Boston College Law School Faculty Papers

No abstract provided.


Who Should Own Police Body Camera Videos?, Laurent Sacharoff, Sarah Lustbader 2017 University of Arkansas School of Law

Who Should Own Police Body Camera Videos?, Laurent Sacharoff, Sarah Lustbader

Washington University Law Review

Numerous cities, states, and localities have adopted police body camera programs to enhance police accountability in the wake of repeated instances of police misconduct, as well as recent reports of more deep- seated police problems. These body camera programs hold great promise to achieve accountability, often backed by millions of dollars in federal grants.

But so far, this promise of accountability has gone largely unrealized, in part because police departments exercise near-total control over body camera programs and the videos themselves. In fact, the police view these programs chiefly as a tool of ordinary law enforcement rather than accountability—as ...


Implicit Bias In Daily Perceptions And Legal Judgments, Keith B. Maddox, Samuel R. Sommers 2017 Tufts University

Implicit Bias In Daily Perceptions And Legal Judgments, Keith B. Maddox, Samuel R. Sommers

University of Michigan Journal of Law Reform

In today’s demonstration, we explored the audience’s positive and negative associations with blacks and whites. The demonstration is an adaptation of the Implicit Association Test (www.projectimplicit.net), a computer-based task designed to explore mental connections between various concepts. Participants were presented with a list of concepts (stereotypically black and white names, pleasant and unpleasant concepts) in a column down the middle of a screen along with the response categories (black/white or Pleasant/Unpleasant) along the left and right sides. When reading a word, participants were asked to categorize it by slapping the knee (left or right ...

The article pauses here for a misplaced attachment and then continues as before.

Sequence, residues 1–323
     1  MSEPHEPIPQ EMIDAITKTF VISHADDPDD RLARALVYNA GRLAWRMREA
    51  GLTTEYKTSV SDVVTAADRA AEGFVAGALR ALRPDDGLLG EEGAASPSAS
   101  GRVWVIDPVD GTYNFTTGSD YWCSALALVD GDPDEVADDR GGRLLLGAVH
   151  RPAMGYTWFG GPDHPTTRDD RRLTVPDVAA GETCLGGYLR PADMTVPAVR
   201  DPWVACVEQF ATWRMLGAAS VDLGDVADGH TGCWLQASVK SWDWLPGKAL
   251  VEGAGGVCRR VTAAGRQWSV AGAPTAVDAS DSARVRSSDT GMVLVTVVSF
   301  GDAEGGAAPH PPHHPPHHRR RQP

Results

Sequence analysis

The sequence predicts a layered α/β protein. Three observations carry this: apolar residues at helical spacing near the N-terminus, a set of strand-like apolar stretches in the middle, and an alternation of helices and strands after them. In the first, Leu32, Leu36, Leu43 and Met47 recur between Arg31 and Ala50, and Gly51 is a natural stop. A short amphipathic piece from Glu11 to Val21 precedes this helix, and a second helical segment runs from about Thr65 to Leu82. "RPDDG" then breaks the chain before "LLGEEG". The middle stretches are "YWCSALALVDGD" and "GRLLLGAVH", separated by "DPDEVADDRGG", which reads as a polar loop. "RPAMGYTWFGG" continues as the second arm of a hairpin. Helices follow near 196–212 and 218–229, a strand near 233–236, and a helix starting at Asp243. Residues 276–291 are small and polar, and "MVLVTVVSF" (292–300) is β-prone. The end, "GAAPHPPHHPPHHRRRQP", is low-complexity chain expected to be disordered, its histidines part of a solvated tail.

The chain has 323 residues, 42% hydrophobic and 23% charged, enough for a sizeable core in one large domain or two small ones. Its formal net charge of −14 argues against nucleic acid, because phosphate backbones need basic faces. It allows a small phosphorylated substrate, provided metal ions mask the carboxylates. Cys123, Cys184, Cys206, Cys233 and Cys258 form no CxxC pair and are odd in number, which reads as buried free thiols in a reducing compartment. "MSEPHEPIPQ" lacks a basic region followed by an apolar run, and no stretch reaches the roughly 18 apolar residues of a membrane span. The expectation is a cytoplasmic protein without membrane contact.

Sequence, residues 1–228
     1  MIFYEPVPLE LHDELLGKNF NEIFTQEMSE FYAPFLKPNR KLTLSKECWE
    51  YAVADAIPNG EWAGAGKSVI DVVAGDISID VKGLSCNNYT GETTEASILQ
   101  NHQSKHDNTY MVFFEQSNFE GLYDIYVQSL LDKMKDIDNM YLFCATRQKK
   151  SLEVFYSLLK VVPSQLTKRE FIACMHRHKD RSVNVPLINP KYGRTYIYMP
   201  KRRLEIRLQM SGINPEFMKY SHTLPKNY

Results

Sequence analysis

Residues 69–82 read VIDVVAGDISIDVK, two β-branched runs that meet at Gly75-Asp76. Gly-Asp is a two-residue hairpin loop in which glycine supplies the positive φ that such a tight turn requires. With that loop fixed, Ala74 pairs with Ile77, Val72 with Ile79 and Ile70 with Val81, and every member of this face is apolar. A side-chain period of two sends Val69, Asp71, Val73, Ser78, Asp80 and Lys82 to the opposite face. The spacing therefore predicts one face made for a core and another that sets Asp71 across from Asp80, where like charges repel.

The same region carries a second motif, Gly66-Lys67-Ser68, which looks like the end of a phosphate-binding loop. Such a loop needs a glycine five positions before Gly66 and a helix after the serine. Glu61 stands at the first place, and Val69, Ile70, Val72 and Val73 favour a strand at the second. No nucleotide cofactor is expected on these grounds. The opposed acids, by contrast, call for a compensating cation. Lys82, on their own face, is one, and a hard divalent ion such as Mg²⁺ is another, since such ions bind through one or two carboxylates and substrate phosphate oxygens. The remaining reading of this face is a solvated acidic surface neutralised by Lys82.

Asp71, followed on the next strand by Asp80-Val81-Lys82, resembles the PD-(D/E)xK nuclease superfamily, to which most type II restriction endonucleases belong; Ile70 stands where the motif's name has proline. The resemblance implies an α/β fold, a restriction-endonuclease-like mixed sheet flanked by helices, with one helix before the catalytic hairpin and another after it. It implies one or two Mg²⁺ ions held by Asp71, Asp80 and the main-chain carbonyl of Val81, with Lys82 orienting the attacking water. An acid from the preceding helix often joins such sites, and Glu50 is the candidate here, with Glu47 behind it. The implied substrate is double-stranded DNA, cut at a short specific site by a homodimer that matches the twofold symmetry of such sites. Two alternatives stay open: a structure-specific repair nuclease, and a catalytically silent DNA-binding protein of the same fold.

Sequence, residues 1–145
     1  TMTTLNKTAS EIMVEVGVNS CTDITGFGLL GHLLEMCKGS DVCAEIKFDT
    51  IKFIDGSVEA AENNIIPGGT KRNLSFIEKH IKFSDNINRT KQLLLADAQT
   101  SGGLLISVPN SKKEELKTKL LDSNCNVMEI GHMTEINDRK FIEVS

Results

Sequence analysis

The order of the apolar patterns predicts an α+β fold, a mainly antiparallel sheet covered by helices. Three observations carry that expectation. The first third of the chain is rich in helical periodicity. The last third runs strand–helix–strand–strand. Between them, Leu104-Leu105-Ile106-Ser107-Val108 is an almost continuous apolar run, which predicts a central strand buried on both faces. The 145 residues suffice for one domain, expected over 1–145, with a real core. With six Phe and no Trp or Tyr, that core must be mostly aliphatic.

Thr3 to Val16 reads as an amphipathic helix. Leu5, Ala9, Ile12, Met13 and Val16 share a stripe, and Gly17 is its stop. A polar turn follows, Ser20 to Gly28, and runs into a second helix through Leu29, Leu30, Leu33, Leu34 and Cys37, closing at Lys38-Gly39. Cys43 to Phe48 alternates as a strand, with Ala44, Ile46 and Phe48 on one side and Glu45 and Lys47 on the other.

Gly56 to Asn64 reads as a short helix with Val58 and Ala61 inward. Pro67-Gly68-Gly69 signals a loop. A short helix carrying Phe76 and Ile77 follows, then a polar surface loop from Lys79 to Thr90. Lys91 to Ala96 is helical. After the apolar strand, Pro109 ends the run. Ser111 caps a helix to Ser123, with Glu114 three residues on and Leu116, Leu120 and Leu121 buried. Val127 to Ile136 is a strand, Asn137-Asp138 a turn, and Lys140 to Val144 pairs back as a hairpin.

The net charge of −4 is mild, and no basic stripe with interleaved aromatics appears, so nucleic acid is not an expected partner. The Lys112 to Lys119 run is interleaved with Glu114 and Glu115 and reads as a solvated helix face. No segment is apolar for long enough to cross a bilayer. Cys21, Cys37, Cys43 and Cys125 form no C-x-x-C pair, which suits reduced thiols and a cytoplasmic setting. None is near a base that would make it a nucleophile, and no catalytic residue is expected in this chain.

Child Abuse Evidence: New Perspectives From Law, Medicine, Psychology & Statistics: Question And Answer Session, Kimberly Thomas, Keith B. Maddox, Samuel R. Sommers, Patrick Barnes, Richard Leo 2017 University of Michigan Law School

Child Abuse Evidence: New Perspectives From Law, Medicine, Psychology & Statistics: Question And Answer Session, Kimberly Thomas, Keith B. Maddox, Samuel R. Sommers, Patrick Barnes, Richard Leo

University of Michigan Journal of Law Reform

A transcript of the Question and Answer session during the University of Michigan Journal of Law Reform Symposium, Child Abuse Evidence: New Perspectives from Law, Medicine, Psychology & Statistics.